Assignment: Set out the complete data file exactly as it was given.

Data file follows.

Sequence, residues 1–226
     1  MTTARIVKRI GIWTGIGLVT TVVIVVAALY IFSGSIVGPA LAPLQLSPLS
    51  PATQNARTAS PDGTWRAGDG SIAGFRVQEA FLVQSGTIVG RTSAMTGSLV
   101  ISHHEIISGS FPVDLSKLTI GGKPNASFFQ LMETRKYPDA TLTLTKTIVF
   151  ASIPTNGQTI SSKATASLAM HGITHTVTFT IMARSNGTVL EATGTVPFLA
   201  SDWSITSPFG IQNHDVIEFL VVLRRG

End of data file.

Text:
Sequence, residues 1–226
     1  MTTARIVKRI GIWTGIGLVT TVVIVVAALY IFSGSIVGPA LAPLQLSPLS
    51  PATQNARTAS PDGTWRAGDG SIAGFRVQEA FLVQSGTIVG RTSAMTGSLV
   101  ISHHEIISGS FPVDLSKLTI GGKPNASFFQ LMETRKYPDA TLTLTKTIVF
   151  ASIPTNGQTI SSKATASLAM HGITHTVTFT IMARSNGTVL EATGTVPFLA
   201  SDWSITSPFG IQNHDVIEFL VVLRRG